SB 664, by Senator Leland Yee, would remove the authority of county Boards of Supervisors to determine whether the implementation of Assisted Outpatient Treatment (AOT) services, commonly known as Laura’s Law, is appropriate in their communities. The measure had also sought to clarify that Mental Health Services Act funds may be used for AOT services in those counties that have authorized implementation. However, this provision, which CSAC supported, was amended out of the measure on April 11.
As amended, the measure removes the authority of county Boards of Supervisors to choose to implement Laura’s Law. However, the Laura’s Law demonstration project was specifically constructed to allow county Boards of Supervisors to consider the needs and priorities of their local communities, as well as the fiscal ramifications, of implementing AOT services. It is critical that county Boards of Supervisors retain the authority and flexibility to determine whether implementing Laura’s Law AOT services in their communities is appropriate.
It is for these reasons that CSAC had taken an Oppose position on SB 664. This does not mean that CSAC opposes the implementation of Laura’s Law or the provision to cap participants in the program. Again, we oppose the removal of authority from the Board of Supervisors in each county to determine whether Laura’s Law is appropriate for their communities. The Senate Health Committee passed SB 664 on April 24, and the measure has been re-referred back to the Senate Rules Committee due to the possible local fiscal ramifications as amended.
AB 1054 (Chesbro) – Support
As Amended on April 11, 2013
AB 1054, by Assembly Member Wesley Chesbro, would reduce the annual rate increase that counties pay to Institutions for Mental Disease (IMD) for inpatient psychiatric treatment from 4.7 percent to 3.5 percent starting July 1, 2014.
The measure, sponsored by CSAC affiliate California Mental Health Directors Association (CMHDA), originally removed the automatic rate increase altogether and would have allowed counties to negotiate rates with IMDs within their borders. For counties, the 4.7 percent annual increase was a significant fiscal concern, as county mental health departments are responsible for the full cost of IMD rates.
AB 1054 was amended in April to instead reduce the automatic rate increase down to 3.5 percent annually, which is consistent with a reasonable cost of living adjustment. The measure was passed by the Assembly Appropriations Committee on May 1 and recommended for the Assembly’s Consent Calendar.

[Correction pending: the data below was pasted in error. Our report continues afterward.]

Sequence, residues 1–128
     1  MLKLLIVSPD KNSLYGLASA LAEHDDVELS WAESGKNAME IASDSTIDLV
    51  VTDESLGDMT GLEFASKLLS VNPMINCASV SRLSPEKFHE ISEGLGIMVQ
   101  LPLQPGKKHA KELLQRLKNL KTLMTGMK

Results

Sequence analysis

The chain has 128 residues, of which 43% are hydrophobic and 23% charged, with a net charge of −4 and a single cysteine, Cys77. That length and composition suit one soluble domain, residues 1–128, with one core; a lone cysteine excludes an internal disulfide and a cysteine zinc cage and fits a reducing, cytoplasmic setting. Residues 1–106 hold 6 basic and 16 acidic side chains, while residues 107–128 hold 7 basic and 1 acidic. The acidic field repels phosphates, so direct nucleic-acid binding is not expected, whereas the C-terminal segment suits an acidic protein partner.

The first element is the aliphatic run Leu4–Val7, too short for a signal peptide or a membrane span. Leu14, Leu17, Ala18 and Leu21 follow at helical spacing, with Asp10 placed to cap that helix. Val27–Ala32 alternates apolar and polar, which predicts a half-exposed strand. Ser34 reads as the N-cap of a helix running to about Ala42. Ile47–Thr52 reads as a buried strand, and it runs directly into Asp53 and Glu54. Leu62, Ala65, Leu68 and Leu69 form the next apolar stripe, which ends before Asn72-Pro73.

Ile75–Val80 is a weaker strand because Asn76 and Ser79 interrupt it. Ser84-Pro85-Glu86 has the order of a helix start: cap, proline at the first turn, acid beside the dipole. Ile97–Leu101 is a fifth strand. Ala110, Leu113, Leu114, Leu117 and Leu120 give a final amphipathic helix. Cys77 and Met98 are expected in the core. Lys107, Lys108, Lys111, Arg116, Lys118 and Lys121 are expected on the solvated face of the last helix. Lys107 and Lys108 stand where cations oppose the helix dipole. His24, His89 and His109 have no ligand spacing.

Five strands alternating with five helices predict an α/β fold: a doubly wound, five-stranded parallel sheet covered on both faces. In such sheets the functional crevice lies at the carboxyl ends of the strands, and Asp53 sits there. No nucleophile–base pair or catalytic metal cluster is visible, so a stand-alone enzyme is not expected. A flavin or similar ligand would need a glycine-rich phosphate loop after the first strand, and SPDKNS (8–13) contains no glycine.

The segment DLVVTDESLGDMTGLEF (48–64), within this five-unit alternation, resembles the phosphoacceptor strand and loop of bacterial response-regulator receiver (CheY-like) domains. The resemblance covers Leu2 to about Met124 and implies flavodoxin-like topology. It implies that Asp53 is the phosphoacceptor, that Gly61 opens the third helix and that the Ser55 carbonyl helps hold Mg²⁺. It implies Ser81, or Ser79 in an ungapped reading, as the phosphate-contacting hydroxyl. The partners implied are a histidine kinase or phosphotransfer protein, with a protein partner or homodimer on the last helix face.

Emergency Medical Services
SB 191 (Padilla) – Support
As Introduced on February 7, 2013
SB 191, by Senator Alex Padilla, would emove the sunset date for local Maddy Emergency Medical Services Funds (Maddy Funds) to allow counties to continue to assist hospitals and emergency physicians with the costs of treating uninsured patients, local emergency services, and pediatric trauma care.
Senate Bill 191 simply removes the January 1, 2014 sunset date for local Maddy Funds. Counties supported measures creating and sustaining Maddy Funds, and nearly all counties currently operate a Maddy Fund by collecting an additional $2 for every $10 penalty for all criminal offenses and moving violations. This funding is allocated to hospitals and emergency physicians to reimburse them for care given to uninsured patients and allows counties to supplement local emergency services. Fifteen percent of the funds collected are also directed to pediatric trauma care (Richie’s Fund), representing the only statewide funding source for these critical services for kids.
California’s counties continue to grapple with a reduction of resources for the health care safety net. These changes are also felt by hospitals and emergency physicians, as well as by Californians who need emergency medical services. In rural areas, access to emergency department services is increasingly difficult, and urban areas are experiencing the same problem as fewer hospitals are able to finance emergency departments. Maddy funding statewide is small – about $50 million in non-state General Funds – but it is an important element in the local emergency services safety net and availability of pediatric trauma care.
For these reasons, CSAC supports SB 191. The Senate Health Committee passed the measure on April 10 and it is now on the Senate Floor.